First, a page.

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Three ASTM Standards Under Way Evaluate Geosynthetic Landfill Products

Since 1984, ASTM Committee D35 on Geosynthetics has developed standards for materials used in roadway stabilization/repair, erosion control, soil drainage/reinforcement, waste management, and more. In addition to its nearly 100 approved standards, the committee is proposing three new reference tools to evaluate products that line or cover landfills.

Specification for Geosynthetic Alternate Daily Covers

Currently on ballot at ASTM, this draft specification describes requirements for a variety of reusable and disposable geosynthetic alternate daily covers (ADCs) used on the working face of municipal solid-waste landfills.

“The alternate daily cover is thin plastic sheeting that’s left in place to keep down the odor, keep litter from blowing away, and keep birds from getting in. It also allows the landfill to take in more trash,” says Gary M. Kolbasuk, Product Development engineer; Engineered Films Division, Raven Industries, Sioux Falls, S.D.

The proposed specification will help end users select ADCs sold in various forms, such as reinforced/unreinforced film, reinforced/unreinforced sheet, and coated/uncoated fabric.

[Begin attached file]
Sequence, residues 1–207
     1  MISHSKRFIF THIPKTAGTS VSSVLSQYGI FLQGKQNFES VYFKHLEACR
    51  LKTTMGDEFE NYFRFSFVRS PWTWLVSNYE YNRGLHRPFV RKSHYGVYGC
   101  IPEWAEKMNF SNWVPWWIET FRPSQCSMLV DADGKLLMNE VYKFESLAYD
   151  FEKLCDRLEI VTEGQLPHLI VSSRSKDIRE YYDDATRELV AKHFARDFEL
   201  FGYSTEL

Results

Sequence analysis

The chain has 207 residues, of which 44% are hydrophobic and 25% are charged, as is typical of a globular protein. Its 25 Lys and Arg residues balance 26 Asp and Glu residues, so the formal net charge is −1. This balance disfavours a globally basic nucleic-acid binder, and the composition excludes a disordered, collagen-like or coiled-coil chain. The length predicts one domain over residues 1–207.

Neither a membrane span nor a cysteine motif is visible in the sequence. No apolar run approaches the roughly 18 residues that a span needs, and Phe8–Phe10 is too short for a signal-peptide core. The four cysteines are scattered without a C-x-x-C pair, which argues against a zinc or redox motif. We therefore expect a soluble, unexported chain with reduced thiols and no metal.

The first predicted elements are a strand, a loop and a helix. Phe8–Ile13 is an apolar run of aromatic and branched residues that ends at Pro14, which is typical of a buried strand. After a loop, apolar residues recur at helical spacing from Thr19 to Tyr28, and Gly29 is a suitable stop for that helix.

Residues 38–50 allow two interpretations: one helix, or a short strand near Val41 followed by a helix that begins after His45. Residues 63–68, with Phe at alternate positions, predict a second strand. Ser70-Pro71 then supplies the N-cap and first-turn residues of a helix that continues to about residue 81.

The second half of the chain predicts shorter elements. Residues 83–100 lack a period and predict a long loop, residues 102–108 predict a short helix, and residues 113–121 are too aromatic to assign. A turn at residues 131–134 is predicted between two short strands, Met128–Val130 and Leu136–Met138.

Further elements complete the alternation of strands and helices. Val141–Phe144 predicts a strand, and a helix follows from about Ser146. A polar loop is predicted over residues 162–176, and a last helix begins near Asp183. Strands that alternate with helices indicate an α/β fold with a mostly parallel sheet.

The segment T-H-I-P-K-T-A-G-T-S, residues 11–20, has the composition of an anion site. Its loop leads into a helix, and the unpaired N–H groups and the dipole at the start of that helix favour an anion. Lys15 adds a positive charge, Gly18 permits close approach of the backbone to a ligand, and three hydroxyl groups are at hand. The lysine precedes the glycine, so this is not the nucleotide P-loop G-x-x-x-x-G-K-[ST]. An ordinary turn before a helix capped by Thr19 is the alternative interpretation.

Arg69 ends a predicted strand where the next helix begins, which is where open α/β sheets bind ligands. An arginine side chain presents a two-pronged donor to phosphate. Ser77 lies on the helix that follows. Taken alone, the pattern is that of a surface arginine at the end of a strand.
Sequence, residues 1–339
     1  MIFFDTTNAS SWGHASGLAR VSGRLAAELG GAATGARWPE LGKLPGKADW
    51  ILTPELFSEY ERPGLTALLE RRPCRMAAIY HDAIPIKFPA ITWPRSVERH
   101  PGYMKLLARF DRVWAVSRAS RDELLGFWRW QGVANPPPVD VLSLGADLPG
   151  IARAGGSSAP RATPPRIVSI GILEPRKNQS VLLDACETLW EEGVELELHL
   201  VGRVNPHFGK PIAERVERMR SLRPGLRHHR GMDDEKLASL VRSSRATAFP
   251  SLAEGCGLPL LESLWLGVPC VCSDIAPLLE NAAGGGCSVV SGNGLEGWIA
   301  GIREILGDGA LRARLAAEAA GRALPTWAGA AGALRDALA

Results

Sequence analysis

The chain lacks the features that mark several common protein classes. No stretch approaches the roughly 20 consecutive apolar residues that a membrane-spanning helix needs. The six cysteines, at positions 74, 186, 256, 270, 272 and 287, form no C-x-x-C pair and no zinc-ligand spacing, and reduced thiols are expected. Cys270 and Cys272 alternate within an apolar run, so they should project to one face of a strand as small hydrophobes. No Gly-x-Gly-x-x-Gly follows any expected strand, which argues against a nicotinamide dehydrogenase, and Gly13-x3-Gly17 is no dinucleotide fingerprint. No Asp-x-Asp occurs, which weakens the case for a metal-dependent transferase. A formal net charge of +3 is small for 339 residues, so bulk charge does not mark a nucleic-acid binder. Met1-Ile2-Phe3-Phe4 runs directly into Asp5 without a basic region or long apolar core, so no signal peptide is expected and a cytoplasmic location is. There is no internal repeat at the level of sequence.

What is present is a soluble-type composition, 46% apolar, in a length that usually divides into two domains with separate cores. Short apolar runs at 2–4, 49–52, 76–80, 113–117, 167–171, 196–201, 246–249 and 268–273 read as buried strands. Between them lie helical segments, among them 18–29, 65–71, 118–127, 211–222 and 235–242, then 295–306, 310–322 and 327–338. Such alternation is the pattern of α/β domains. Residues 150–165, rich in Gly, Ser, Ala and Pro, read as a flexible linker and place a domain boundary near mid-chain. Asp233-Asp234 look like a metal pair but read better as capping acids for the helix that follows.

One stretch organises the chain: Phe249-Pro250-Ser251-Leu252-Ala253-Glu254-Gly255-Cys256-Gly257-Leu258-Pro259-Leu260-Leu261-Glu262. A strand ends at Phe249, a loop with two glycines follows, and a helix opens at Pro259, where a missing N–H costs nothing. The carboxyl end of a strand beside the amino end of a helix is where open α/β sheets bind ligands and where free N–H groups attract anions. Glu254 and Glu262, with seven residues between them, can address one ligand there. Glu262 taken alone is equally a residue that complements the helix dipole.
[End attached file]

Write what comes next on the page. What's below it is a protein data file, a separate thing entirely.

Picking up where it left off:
In plastics for 25 years, Kolbasuk is leading a task group of Subcommittee D35.03 on Permeability and Filtration that is developing, through voluntary consensus, a set of standard requirements for ADCs. As they develop the requirements, the group of geotextile professionals from academia, manufacturing, and commercial laboratory testing welcomes participation from ADC producers and fabricators. Contact Kolbasuk at the address below.

Strip and Grab Tensile Tests for Reinforced Geomembranes

A task group of Subcommittee D35.10 on Geomembranes also led by Kolbasuk is developing a Standard Test Method for Strip Tensile Properties of Reinforced Geomembranes, and a Standard Test Method for Grab Tensile Properties of Reinforced Geomembranes.

“Grab and strip tensile are index tests,” Kolbasuk says. Geomembrane material is defined by the type of strength that it gets in a strip tensile, or by grabbing a one-inch (2.54 cm) strip and pulling it to measure how far it elongates before it breaks. “That allows manufacturers a way of comparing different materials as well as its use as a quality control test,” he says.

The test methods appear in ASTM D 751, Properties of Test Methods for Reinforced Rubber Products, which is a compilation of 20 or more tests containing several tensile tests. According to Kolbasuk, geosynthetics professionals have used the methods for about three decades. Since the test methods in D 751 are not written for geosynthetics, the task group is issuing separate methods with updated procedures and properties.

“We wrote a separate strip tensile and separate grab tensile to have two numbers identifying each test and procedure to eliminate confusion in the specifying of procedures and properties,” Kolbasuk says.

Contact Kolbasuk to participate in these activities, or for further technical information (phone: 605/331-0324). For ASTM meeting or membership details, contact Christi Sierk, manager, Technical Committee Operations, ASTM International (phone: 610/832-9737). Committee D35 meets Jan. 15-16, 2004, in Tampa, Fla. //

Copyright 2003, ASTM